Thus, the end time is not about Jesus' coming, at least not immediately. Daniel 12 says is is about the unsealing of Bible prophecy, prophecy that even Daniel did not understand. It is a period marked by many people searching and gaining much knowledge, kind of like what we all do daily using the Internet. This fits with why prophecy finally becomes understandable in the end time.
Personally I think this has already happened. For details, see my video on this fascinating topic of the Internet explosion being predicted in Daniel 12.
In other words, this prophecy looks like it is already fulfilled. The beginning of the end time probably commenced early on after the new millennium began.
The main appeal of this prophecy is that it appears to have been amazingly accurate over the course of hundreds of years after it was given. Over the years I've encountered several promising prophecies with a good track record like this. Yet always, just when they were about to conclude with their fantastic second or third and final accurate fulfillment, they failed. Why?
I think many times the "accurate" prophecy had the benefit of hindsight. It was either tampered with years later, or even originally written later than claimed.
In the case of Judah ben Samuel's prophecy, there is no original source given in any of the articles on it. They all seem to copy from the same Israel Today article which also has no original German source given, either. Without that, you cannot verify the translation is accurate and that the translator did not read his own ideas into it (with the benefit of hindsight). In other words, this German "prophecy" has spread in English with everyone copying and taking in faith one man's translation of it.
That's a big problem for its credibility.
If someone wants to trust Ludwig's report of the prophecy's accuracy and also ignore the plain words of the prophecy and turn it into a prophecy of the Second Coming, they still have a major issue. Jesus already warned against believing date setting or looking at the calendar for his Second Coming. He plainly said that no man knows the day or hour (time) of his coming, at least not far in advance.
Now, this is not to say there won't come a time when we finally will know. For example, when the Abomination of Desolation happens, it will start a countdown of 1290 days until the end of the Tribulation and the Rapture. However, so far, Jesus' words have proven very accurate about no one knowing the timing further out. =) History shows that everyone so far who has set a date has not succeeded, whether they used the Bible, Christian prophecy, Mayan calendars, or Jewish prophecy, like Rabbi Ben Samuel's.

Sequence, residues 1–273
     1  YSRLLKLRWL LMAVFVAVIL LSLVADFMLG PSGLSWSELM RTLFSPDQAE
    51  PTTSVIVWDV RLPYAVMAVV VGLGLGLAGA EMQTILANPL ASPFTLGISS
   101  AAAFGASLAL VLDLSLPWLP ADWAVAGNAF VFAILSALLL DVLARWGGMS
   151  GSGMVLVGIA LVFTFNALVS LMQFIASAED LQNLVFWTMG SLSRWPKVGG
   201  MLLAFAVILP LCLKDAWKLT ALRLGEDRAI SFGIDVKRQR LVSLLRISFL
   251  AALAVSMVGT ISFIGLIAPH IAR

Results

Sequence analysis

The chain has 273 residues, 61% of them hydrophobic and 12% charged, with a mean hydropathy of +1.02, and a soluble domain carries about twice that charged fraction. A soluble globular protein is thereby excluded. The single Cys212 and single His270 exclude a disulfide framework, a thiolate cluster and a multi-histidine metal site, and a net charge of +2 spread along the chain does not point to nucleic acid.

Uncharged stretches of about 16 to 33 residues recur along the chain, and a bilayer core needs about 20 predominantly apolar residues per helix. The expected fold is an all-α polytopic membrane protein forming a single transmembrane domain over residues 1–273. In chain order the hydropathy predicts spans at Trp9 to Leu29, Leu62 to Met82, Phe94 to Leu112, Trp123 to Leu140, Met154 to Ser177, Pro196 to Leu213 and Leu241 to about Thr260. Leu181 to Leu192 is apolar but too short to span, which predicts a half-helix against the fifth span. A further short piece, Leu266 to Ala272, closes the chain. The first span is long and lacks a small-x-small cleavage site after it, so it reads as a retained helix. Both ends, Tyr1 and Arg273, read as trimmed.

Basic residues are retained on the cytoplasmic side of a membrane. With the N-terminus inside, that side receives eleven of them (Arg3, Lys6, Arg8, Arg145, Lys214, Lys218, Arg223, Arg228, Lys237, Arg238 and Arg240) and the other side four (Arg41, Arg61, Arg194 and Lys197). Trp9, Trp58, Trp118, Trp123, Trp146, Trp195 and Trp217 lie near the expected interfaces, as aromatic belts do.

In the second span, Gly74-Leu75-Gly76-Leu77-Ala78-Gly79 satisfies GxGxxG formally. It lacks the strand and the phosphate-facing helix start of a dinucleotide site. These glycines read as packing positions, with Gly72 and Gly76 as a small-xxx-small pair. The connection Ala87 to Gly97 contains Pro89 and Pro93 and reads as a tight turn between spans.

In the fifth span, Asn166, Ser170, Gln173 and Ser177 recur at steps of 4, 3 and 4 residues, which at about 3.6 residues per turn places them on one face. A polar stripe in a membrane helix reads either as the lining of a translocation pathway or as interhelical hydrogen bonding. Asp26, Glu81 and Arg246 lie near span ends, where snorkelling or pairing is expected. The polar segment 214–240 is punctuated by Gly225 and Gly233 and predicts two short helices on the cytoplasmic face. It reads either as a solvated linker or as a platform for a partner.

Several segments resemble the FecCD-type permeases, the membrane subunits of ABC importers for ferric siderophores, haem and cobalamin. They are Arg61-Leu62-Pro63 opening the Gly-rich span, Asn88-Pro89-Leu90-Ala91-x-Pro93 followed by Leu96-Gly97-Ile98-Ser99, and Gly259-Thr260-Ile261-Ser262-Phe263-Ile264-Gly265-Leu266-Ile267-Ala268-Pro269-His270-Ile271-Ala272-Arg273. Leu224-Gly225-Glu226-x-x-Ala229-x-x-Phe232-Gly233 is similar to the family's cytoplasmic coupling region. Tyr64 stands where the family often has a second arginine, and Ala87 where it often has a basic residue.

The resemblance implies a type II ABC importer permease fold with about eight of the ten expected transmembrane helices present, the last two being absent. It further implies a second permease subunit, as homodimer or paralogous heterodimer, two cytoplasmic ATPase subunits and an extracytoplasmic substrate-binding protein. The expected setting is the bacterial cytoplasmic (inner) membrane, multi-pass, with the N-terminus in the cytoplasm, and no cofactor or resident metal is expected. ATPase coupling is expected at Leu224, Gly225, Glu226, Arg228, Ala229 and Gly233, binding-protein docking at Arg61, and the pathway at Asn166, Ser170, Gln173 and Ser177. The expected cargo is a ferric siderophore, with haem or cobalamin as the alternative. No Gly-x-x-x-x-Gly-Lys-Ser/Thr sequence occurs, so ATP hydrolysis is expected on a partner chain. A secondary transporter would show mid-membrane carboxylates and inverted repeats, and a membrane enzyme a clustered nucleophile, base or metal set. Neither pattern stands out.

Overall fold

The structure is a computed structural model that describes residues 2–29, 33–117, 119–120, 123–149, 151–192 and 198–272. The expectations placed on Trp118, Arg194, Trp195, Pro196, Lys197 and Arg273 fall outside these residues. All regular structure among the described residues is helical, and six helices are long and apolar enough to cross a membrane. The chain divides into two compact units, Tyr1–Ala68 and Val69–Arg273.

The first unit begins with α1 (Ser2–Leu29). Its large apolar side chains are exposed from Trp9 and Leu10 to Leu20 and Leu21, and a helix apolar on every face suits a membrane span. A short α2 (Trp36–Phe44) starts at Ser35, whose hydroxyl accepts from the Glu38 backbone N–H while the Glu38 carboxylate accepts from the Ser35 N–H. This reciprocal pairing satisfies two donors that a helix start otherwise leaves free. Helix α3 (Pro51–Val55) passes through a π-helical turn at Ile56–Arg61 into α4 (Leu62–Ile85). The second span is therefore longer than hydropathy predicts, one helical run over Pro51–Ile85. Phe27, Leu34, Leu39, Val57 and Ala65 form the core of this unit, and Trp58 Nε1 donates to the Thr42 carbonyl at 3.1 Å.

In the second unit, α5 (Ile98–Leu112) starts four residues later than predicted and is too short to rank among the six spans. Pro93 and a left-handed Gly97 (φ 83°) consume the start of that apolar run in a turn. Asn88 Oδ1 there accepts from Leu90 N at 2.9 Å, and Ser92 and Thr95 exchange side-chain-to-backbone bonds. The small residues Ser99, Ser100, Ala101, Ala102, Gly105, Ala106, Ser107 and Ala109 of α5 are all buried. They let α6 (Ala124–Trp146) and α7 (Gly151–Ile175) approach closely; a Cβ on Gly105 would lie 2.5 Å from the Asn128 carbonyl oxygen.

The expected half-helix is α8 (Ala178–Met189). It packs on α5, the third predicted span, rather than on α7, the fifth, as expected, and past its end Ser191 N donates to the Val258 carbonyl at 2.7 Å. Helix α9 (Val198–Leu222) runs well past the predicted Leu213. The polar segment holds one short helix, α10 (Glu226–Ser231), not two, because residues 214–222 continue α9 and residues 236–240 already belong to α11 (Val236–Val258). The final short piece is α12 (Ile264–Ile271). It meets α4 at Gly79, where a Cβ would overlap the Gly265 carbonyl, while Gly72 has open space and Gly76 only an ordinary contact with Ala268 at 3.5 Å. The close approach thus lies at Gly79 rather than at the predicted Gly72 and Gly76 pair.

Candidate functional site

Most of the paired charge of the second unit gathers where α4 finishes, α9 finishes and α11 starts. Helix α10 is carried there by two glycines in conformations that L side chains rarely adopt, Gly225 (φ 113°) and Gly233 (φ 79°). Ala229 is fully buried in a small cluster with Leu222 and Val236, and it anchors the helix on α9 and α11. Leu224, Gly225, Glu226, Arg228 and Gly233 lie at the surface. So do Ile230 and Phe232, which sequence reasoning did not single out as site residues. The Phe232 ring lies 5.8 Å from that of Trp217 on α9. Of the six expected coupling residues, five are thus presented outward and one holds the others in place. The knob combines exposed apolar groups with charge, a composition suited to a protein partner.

Even if we doubt the meaning of Jesus "no man knows" words, this historical track record of date setting alone ought to kill the appeal of prophecy's like Ben Samuel's. Yet this fact escapes seemingly most Christian prophecy fans. (The general Christian audience who is not interested in prophecy often cite the failed date setting and Jesus' warning about it as their major objection to the study of Bible prophecy.)
In case you are wondering, Jesus did not just tell us what approach to avoid with Bible prophecy (looking for dates in it). He also shared a strategy for getting some idea of when he was coming and when he was not. It's right there in the Olivet Discourse. See this article on the Parable of the Fig Tree for what he said to watch instead of the calendar.
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Tim McHyde is the founder of EscapeAllTheseThings .com and a blogger on Bible prophecy since 1999. To read more from Tim and not miss a single new article, please sign up for his free newsletter below.